Document Type

Conference Paper


This item is available under a Creative Commons License for non-commercial use only


Geology, 2.1 CIVIL ENGINEERING, Civil engineering, Environmental and geological engineering, Geotechnics

Publication Details

This conference paper was published on 2019 by Editorial Universidad Santo Tomas in the Proceedings of the 1er CONGRESO INTERNACIONAL en Innovación, Desarrollo y Aplicaciones en Ingeniería Civil CI-IDeA. Full proceedings available online at


In geotechnical engineering the design of bored- pile walls is commonly performed in terms of the embedment length (D) defined according to the limit equilibrium methods (also known as balance methods) formulated by Krey, Blum, Rowe, Hansen and the empirical method of Look in sandy soils. The limit equilibrium methods are calculations associated with the shape of the earth pressures distributions in the shaft, earth pressures theories, geotechnical properties and safety factors, while the empirical criteria establish that the relationship between embedment and the free height (H) is of the order of D/H = 1.5. These design methods are complemented by reliability-based analyzes to evaluate the uncertainties associated with soil variability and the use of deterministic concepts. The Monte Carlo method is applied to evaluate the inherent variability of soil friction angle and the soil-wall interface angle in the calculation of the stability of adjacent bored-pile walls.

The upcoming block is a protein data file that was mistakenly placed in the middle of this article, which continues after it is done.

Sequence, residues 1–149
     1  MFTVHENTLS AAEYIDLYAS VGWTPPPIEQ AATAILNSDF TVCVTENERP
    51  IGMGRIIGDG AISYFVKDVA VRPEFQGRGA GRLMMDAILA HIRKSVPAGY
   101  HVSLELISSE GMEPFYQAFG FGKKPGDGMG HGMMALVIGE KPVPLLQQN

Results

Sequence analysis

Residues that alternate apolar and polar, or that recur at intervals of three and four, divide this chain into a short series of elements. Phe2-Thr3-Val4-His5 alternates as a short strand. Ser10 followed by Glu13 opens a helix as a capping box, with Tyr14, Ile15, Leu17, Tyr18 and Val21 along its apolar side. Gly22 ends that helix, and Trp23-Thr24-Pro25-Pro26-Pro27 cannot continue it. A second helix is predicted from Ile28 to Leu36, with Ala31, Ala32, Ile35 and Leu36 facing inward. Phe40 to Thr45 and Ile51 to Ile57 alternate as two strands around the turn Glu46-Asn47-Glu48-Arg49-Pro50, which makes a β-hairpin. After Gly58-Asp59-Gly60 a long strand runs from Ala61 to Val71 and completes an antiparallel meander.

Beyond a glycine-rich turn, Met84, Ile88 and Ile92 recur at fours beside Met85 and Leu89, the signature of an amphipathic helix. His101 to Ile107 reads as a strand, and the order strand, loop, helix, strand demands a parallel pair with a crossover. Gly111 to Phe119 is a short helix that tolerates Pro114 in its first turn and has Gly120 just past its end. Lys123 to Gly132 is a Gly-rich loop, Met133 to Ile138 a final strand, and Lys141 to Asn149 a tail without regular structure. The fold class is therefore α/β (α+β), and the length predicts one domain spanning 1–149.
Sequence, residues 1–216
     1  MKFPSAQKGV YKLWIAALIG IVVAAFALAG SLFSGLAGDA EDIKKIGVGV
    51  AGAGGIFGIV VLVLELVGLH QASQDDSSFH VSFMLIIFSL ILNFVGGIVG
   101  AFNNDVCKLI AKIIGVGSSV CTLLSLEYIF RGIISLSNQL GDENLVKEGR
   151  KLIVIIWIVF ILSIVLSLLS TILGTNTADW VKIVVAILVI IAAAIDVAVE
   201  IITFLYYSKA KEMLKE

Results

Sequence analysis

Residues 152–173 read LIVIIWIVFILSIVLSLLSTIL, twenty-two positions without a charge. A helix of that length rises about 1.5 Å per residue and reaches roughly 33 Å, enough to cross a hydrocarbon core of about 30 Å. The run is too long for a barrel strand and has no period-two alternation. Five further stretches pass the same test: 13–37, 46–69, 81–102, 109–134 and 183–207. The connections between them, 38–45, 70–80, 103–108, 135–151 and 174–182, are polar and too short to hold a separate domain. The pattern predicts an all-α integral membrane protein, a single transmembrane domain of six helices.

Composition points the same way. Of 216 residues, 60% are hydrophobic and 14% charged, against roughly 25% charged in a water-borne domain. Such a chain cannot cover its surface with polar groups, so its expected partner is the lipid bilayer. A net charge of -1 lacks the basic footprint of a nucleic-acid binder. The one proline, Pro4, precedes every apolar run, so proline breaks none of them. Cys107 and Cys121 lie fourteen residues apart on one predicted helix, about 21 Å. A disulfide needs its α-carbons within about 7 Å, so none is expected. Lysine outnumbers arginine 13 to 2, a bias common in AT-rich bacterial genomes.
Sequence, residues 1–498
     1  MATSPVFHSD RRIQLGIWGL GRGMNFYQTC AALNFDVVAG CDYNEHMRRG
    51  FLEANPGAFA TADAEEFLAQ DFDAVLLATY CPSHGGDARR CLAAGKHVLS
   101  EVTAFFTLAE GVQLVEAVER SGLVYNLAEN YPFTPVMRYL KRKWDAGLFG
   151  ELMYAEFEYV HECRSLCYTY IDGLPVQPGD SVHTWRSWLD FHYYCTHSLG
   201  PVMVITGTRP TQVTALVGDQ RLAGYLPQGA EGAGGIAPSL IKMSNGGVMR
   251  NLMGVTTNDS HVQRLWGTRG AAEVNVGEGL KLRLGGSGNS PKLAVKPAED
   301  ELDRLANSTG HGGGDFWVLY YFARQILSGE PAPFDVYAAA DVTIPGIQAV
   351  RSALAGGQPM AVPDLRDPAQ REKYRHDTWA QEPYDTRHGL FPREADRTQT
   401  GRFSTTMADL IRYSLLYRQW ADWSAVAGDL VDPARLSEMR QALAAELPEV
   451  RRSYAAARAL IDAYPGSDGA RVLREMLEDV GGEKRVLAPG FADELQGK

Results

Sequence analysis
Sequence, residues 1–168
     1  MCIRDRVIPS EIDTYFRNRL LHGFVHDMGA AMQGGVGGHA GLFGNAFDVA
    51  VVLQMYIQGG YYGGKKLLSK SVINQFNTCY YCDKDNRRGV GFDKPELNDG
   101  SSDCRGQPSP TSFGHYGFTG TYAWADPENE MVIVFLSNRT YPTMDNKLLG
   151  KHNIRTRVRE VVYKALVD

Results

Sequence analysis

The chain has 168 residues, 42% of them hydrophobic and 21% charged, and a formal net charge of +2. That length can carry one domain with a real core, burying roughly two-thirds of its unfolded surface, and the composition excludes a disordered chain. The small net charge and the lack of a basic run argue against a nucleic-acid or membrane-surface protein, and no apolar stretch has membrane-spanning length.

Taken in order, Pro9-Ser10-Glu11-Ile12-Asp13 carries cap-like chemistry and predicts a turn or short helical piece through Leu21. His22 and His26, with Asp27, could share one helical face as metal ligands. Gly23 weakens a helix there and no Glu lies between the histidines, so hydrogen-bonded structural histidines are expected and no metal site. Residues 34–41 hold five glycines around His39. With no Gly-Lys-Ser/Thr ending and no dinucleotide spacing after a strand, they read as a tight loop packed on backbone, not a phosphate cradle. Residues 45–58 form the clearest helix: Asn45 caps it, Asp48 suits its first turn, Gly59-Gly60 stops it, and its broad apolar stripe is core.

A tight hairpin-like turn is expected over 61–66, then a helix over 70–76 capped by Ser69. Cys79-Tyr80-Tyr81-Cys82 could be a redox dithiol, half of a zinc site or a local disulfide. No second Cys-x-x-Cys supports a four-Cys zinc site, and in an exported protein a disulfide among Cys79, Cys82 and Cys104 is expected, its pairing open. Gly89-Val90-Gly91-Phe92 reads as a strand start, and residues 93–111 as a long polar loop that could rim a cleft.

The results show that Hansen’s method requires a lower D/H ratio to obtain the failure probabilities of the USACE (PF = 0.001) in comparison with the other methods. The above is because the method considers that the passive earth pressure increases linearly from the excavation level to the bottom of the embedment depth, however, the other methods considers an earth pressure balance around the pivot point in the shaft. The results show that for a probability of failure established at 0.001, the obtained D/H by the Krey, Blum, Rowe and Hansen methods are 2.13, 1.97, 1.97 and 1.93, respectively. These values represent differences between 28.7% and 42.0% with respect to the deterministic design criteria of Look. Thus, the Look criterion, from the probabilistic point of view, can be considered as an inadmissible risk method, especially since it does not consider surcharge and water table.